Brian Friel's mesmerising quartet of monologues Faith Healer now notches up a trilogy of London appearances. It has been seen here every decade since it was first premiered at Dublin's Abbey Theatre in 1980, transferring to London's Royal Court in 1981, revived there in 1992, and now to be found again at the Almeida at King's Cross.
It's a remarkable production history for a play that is only 21 years old to have had three major outings so far; but then this is a remarkable play, and there will doubtless be many more productions yet. That's partly because of the wonderful acting opportunities it affords for three middle-aged actors. But more than that, it goes to the essence of theatre, which is to do with the sheer power of storytelling and bearing witness to events - strange, mysterious and powerful - that even its tellers don't fully comprehend.
Faith Healer is, in other words, about the act as well as the art of communication - a journey completed by the audience hearing these stories - but one in which we are only tentatively apprised of the facts through the viewpoints of the different speakers.
Frank - known on the posters as The Fantastic Francis Hardy - is the Irish faith healer of the title, touring remote villages of Wales and Scotland dispensing his gifts, which may indeed be miraculous or purely accidental. They're certainly promoted as much about showbusiness as they are for their spiritual qualities. Are they, as critic Fintan O'Toole asks in a programme note, chance or skill? Illusion or delusion?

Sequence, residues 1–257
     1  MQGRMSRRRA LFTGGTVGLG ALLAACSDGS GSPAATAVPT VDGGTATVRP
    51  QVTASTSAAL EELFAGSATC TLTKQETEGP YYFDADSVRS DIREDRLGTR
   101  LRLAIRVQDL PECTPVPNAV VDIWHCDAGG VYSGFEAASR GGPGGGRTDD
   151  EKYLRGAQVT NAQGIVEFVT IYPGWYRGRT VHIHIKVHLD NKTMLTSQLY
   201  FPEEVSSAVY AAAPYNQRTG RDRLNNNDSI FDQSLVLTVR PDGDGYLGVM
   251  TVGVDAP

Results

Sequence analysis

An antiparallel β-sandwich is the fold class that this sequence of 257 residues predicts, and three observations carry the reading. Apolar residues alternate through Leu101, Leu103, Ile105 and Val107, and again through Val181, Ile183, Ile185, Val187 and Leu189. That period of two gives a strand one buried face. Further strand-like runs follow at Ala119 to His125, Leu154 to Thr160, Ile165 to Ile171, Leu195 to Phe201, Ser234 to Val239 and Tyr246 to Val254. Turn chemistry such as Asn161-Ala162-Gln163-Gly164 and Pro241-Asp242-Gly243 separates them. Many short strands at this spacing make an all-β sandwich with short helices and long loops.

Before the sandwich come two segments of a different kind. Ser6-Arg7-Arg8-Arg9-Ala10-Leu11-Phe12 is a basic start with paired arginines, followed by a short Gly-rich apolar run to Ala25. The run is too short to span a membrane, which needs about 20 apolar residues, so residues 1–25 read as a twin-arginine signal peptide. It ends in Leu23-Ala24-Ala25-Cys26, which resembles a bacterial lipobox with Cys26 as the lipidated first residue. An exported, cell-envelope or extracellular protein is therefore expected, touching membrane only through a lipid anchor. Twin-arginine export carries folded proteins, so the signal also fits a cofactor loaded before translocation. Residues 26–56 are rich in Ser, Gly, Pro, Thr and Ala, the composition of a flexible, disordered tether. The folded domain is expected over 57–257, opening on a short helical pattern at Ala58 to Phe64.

As played by Ken Stott in a performance, of tremendous depth and great humanity, that both opens and closes the play, the doubts of the man are brutally laid bare; but there is no doubt at all about the skill of this brilliant actor.
In between, we get the story from the perspective of his wife Grace and manager Teddy. Geraldine James exudes calm but bitter disappointment at the journey she has found herself on with Frank. But the bravura turn of the evening turns out to be Ian McDiarmid's chameleon-like assumption of Teddy. This is one of the finest, funniest and most touching performances on the London stage.
Faith Healer is not an easy evening by any means: its two, interval-free hours demand close attention. But Jonathan Kent's spellbinding production repays the effort.
- Mark Shenton